During our call with Lewman, we asked that he share with us any evidence he might find to support Shepard’s claims about Pando’s alleged CIA ties or our alleged involvement in a harassment campaign against Tor developers. To date, Lewman has offered no such evidence. Previously Lewman had told Pando that he had not seen any evidence to support Shepard’s claims about Pando. He also previously committed that no one at Tor would be involved in any attempt to smear Pando or our reporters.

For the avoidance of doubt: Unlike Tor, Pando has not, ever, received any funding or direction from the US government. Nor have we ever been involved in any campaign of harassment against Andrea Shepard, or any other employee or supporter of Tor.

Our call with Lewman took place on January 7th, and, at that time, he told us his investigation into Shepard had been ongoing for several weeks. That would mean it likely started before Tor founder Roger Dingledine and activist Jacob Applebaum appeared on stage in Berlin’s 31C3 conference and pledged their full support, and the full support of the Tor project, to Shepard.

Asked about those on-stage comments, Lewman said his investigation would continue regardless of “any comments Roger or Jake might make.” Lewman said he hoped the investigation would be concluded promptly and committed to share any public comment on its outcome with Pando before speaking to any other news outlet.

Two weeks ago I asked Lewman for comment on the progress of the investigation. He responded:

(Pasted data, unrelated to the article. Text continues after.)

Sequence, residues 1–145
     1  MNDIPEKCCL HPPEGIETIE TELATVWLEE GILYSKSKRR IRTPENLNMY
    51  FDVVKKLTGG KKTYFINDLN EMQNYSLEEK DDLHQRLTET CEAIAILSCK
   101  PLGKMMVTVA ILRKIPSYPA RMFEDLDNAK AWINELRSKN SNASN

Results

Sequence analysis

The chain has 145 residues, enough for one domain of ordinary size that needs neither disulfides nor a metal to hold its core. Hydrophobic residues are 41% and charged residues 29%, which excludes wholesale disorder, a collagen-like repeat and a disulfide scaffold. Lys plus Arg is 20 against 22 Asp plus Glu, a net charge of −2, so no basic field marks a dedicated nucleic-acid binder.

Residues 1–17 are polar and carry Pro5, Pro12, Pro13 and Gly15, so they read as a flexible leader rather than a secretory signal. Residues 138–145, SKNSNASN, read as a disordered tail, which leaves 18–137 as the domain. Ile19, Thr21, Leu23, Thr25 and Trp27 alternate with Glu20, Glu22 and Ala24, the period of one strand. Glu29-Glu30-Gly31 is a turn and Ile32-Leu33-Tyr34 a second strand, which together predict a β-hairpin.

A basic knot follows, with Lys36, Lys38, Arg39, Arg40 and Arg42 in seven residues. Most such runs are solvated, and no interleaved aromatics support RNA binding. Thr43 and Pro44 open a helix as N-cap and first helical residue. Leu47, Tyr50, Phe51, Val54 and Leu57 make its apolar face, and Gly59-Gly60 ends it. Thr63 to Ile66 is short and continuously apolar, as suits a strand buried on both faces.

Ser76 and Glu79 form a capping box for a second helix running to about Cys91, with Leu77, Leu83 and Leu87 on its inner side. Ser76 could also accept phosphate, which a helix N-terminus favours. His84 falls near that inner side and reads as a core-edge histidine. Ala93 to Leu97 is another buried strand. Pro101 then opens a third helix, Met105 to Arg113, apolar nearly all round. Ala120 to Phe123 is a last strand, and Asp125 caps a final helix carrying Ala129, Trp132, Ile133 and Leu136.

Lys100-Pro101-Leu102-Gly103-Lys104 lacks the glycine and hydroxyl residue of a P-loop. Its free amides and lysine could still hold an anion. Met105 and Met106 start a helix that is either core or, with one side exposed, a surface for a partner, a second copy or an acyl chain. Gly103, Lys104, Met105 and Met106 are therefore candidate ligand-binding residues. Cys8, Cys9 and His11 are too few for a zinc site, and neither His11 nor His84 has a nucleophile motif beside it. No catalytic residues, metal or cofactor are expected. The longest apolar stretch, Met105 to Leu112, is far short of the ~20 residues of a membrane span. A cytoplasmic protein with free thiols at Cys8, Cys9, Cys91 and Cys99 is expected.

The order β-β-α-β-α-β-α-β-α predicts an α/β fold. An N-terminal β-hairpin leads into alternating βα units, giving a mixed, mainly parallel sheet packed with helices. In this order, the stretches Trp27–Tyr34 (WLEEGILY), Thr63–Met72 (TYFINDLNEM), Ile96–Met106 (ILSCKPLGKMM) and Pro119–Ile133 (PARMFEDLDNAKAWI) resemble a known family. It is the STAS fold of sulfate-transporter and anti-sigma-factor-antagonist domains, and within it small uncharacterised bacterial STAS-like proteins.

Thanks for following up. I’ve asked our HR team for a status update.

Finally, last week, I contacted him again, explaining that Pando was planning on reporting the existence of the investigation. Specifically I asked him to confirm the following:

The inquiry was instigated by you and has been ongoing for over a month. It started before Dingledine/Applebaum spoke in Berlin. It is being led by your HR dept. Can you tell me who in your HR dept is actually running it? Can you give me any more specifics on the parameters of the inquiry?

Lewman declined to comment, claiming: “We do not believe it’s appropriate to discuss internal matters in public.”

Last year, asked by the BBC about Tor’s relationship with the US government, Lewman said:

Everything we [at Tor] do is transparent and public, including our finances. And this stops – we like to think it stops a lot of possible subterfuge and questionable actions because everyone knows that everything we do is going to be out there in public and open for scrutiny.